this multiplication is not defined among `int`

objects.
To handle this case,
we need to implement an `__rmul__(self, other)`

method
for doing `other*self`

, as explained in the section Special methods for "right" operands:

```
def __rmul__(self, other):
if isinstance(other, (int, float)):
other = IntervalMath(other, other)
return other*self
```

Similar methods for addition, subtraction, and division must also be included in the class.

Returning to \( g=2y_0T^{-2} \), we also have a problem with \( T^{-2} \) when
\( T \) is an interval. The expression `T**(-2)`

invokes the
power operator (at least if we do not rewrite the expression as
`1/(T*T)`

), which requires a `__pow__`

method
in class `IntervalMath`

. We limit the
possibility to have integer powers, since this is easy to compute
by repeated multiplications:

```
def __pow__(self, exponent):
if isinstance(exponent, int):
p = 1
if exponent > 0:
for i in range(exponent):
p = p*self
elif exponent < 0:
for i in range(-exponent):
p = p*self
p = 1/p
else: # exponent == 0
p = IntervalMath(1, 1)
return p
else:
raise TypeError('exponent must int')
```

Another natural extension of the class is the possibility to convert an interval to a number by choosing the midpoint of the interval:

```
>>> a = IntervalMath(5,7)
>>> float(a)
6
```

`float(a)`

calls `a.__float__()`

, which we implement as

```
def __float__(self):
return 0.5*(self.lo + self.up)
```

A `__repr__`

method returning the right syntax for recreating the
present instance is also natural to include in any class:

```
def __repr__(self):
return '%s(%g, %g)' % \
(self.__class__.__name__, self.lo, self.up)
```

We are now in a position to test out the extended class `IntervalMath`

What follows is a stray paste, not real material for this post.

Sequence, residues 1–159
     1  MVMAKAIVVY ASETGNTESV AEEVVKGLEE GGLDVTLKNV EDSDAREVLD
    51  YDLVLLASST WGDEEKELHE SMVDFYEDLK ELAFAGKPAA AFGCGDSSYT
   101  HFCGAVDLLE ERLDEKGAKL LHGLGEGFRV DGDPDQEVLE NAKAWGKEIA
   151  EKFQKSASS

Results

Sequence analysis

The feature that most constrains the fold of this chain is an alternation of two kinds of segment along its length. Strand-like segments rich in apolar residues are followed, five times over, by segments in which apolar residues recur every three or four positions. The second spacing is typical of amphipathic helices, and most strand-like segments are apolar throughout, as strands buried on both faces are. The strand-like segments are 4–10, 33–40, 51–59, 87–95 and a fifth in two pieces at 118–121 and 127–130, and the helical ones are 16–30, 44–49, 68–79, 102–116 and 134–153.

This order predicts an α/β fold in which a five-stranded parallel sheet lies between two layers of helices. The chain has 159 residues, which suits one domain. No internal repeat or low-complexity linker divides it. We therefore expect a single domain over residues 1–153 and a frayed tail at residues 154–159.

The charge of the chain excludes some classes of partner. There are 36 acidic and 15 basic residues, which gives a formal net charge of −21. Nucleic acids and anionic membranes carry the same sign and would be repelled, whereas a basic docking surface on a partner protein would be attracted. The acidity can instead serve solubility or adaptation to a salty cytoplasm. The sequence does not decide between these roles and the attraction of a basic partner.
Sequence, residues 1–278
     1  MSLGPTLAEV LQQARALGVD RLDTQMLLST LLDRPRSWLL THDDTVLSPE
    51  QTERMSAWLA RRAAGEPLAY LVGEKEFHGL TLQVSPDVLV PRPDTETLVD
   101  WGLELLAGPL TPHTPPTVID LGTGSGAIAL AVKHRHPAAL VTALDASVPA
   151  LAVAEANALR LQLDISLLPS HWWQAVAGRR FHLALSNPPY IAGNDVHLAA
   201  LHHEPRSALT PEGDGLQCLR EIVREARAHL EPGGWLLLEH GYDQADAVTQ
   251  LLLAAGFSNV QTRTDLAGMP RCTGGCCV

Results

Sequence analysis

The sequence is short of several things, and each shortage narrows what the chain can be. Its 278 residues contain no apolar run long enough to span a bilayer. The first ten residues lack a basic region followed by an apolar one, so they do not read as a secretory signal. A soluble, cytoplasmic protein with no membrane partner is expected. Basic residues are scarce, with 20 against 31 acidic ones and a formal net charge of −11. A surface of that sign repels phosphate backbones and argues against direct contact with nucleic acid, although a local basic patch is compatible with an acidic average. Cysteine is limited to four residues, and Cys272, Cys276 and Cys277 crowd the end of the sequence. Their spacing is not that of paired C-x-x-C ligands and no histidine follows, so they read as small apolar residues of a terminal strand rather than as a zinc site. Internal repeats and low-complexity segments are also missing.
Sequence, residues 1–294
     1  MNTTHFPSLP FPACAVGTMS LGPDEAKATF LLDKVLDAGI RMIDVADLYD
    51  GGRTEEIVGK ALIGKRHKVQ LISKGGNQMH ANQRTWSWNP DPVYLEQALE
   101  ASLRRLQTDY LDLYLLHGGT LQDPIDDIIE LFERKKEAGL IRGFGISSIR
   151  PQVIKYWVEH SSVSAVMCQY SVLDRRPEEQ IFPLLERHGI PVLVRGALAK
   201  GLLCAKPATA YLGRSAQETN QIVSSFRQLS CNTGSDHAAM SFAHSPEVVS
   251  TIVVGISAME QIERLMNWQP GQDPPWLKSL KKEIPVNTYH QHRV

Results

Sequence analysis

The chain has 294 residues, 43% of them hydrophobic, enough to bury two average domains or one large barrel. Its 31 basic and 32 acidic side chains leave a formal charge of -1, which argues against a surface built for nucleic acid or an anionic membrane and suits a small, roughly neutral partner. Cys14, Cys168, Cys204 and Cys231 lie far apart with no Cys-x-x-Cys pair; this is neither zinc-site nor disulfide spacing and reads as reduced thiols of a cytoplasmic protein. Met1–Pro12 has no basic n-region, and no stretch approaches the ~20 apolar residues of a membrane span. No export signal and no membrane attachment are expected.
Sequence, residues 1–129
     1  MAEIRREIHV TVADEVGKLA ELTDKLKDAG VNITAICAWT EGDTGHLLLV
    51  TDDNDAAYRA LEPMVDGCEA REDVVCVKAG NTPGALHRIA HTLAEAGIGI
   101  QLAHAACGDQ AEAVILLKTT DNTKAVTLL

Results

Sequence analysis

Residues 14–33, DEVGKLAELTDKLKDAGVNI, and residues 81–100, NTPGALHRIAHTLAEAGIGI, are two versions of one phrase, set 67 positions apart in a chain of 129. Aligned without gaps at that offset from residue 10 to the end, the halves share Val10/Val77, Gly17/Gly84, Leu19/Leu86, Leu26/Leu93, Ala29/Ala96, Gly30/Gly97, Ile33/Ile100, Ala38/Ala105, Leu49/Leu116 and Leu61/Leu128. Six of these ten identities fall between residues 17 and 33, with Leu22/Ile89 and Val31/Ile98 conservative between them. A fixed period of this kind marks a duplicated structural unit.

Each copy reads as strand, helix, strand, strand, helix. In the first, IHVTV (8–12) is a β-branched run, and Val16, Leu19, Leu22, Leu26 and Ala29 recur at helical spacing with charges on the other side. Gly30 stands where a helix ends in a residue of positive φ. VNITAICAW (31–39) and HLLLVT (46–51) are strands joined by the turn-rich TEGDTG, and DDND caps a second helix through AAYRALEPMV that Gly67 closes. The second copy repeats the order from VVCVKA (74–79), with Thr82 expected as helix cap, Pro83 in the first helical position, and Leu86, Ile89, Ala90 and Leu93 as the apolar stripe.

.

```
>>> g = 9.81
>>> y_0 = I(0.99, 1.01) # 2% uncertainty
>>> Tm = 0.45 # mean T
>>> T = I(Tm*0.95, Tm*1.05) # 10% uncertainty
>>> print T
[0.4275, 0.4725]
>>> g = 2*y_0*T**(-2)
>>> g
IntervalMath(8.86873, 11.053)
>>> # Compute with mean values
>>> T = float(T)
>>> y = 1
>>> g = 2*y_0*T**(-2)
>>> print '%.2f' % g
9.88
```

Another formula, the volume \( V=\frac{4}{3}\pi R^3 \) of a sphere, shows great sensitivity to uncertainties in \( R \):

```
>>> Rm = 6
>>> R = I(Rm*0.9, Rm*1.1) # 20 % error
>>> V = (4./3)*pi*R**3
>>> V
IntervalMath(659.584, 1204.26)
>>> print V
[659.584, 1204.26]
>>> print float(V)
931.922044761
>>> # Compute with mean values
>>> R = float(R)
>>> V = (4./3)*pi*R**3
>>> print V
904.778684234
```

Here, a 20% uncertainty in \( R \) gives almost 60% uncertainty in \( V \), and the mean of the \( V \) interval is significantly different from computing the volume with the mean of \( R \).

The complete code of class `IntervalMath`

is found in
`IntervalMath.py`

. Compared to the implementations shown above,
the real implementation in the file employs some ingenious constructions
and help methods to save typing and repeating code in the special
methods for arithmetic operations. You can read more about
interval arithmetics on Wikipedia.